Where graphic design is integral in the creation of static signage, other factors come into play when digital signage will fill a need within a church atrium, for instance. As Miller explains, “Content and the intent of the use is the most critical piece of DS. DS is used in HOW for education, informing, entertaining, and engaging the viewer. Each of those areas has unique content nuances.”
For digital signage to be most effective, Reiffer shares this point of advice from the architectural angle: DS should be strategically placed to deliver the most effective use. Again, church staff should consider traffic flow and place DS where members can readily view and interact with the signage. “Digital signs are especially useful for [church] spaces with changing functions and events,” Reiffer adds.
Aside from Plasma and LCD TV screens, some new digital options exist. One option is IntelliMat floor displays, placed underfoot. Designed to lie in a walking person’s natural line of sight on the floor ahead, the slim mats use four 15-inch LCD screens to create a 30-inch diagonal display. IntelliMats are networkable, like other digital signs, and can play church-relevant multimedia content, video, Flash, MPEG 2 and 4, and other PC-generated material.
Another consideration is whether to go with LCD or Plasma displays. Plasma often provides a better image with a higher contrast ratio, but is susceptible to screen burn-in when static images are displayed often, as is the case with digital signage. LCD monitors have a lower contrast ratio, but are not subject to the problem of burn-in.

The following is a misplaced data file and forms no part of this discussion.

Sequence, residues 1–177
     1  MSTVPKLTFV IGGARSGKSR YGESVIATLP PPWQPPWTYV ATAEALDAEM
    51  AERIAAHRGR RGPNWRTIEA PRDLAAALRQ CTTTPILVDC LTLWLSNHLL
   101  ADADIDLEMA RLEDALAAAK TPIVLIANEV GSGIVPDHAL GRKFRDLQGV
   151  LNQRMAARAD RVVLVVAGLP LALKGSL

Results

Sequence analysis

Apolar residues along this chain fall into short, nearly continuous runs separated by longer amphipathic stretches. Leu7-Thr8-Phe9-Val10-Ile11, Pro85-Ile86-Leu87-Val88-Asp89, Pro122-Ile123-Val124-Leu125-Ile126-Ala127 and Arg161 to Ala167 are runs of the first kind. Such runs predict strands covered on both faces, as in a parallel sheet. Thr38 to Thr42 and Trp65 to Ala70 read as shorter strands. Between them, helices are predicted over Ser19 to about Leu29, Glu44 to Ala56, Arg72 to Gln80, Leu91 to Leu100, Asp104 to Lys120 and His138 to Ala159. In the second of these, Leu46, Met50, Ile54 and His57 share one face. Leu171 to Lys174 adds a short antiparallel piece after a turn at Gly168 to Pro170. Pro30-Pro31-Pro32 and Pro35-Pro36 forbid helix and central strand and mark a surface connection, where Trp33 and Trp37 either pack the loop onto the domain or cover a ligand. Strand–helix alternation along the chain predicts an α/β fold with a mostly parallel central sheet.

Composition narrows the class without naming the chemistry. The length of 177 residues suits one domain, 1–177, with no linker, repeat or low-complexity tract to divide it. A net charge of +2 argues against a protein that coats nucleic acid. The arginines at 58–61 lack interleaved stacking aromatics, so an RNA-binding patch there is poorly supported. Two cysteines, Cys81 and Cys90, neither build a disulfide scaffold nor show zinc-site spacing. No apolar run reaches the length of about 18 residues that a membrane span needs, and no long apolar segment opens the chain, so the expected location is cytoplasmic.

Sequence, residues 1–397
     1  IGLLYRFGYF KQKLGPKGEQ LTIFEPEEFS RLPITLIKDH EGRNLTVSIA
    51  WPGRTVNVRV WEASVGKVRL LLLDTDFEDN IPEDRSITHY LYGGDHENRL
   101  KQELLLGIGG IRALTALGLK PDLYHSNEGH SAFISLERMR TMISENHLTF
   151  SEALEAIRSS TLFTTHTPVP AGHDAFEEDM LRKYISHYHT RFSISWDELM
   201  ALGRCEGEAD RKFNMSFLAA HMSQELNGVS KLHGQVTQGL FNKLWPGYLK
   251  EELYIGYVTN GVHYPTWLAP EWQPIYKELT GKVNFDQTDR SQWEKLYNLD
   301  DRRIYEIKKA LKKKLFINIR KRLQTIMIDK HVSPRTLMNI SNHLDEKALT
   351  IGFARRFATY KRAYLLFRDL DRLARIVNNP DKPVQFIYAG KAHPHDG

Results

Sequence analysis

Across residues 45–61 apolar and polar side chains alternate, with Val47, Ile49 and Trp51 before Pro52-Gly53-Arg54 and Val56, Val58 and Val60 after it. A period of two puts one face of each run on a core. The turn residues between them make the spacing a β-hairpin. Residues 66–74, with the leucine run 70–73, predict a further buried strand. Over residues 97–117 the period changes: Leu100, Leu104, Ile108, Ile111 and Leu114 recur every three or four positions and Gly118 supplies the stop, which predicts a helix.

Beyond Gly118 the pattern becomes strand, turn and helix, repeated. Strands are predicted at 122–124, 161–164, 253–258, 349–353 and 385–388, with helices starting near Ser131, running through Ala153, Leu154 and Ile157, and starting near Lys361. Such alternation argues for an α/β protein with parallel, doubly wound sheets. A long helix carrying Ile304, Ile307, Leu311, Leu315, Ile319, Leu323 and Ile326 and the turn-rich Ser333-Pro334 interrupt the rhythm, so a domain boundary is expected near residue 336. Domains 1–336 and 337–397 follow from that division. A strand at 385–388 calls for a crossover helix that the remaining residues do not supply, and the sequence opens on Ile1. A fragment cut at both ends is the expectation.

Another upcoming feature of digital signage that church staff may want to consider, according to Miller, is the use of directional sound. “This [feature] enables sound to only be heard in a specific area, so as not to distract outside the area.”
No matter what type of digital signage is chosen, the technology can be expensive. As Miller states, “Prices for deploying DS are directly related to the sophistication of the content management and distribution requirements. Prices range from $1,000 and up depending on the level of complexity.”
No matter what type of signage is employed digital or static in the church environment, today’s best signage will make a subconscious impact on service-goers. Churches, much like Starbucks, can be branded through visual design and signage in a way that creates both an overall feel and an expectation of excellence.
As Reiffer sums up, “Signs should look like they belong together. People will subconsciously relate signs together that share design elements [such as] colors, fonts, and logos.”
The Digital Signage Group
Digital signage distributor and publisher
Provider of digital floor displays
HOW signage designer
Religious Broadcast Design
Sanctuary design services for broadcast
Willow Creek Community Church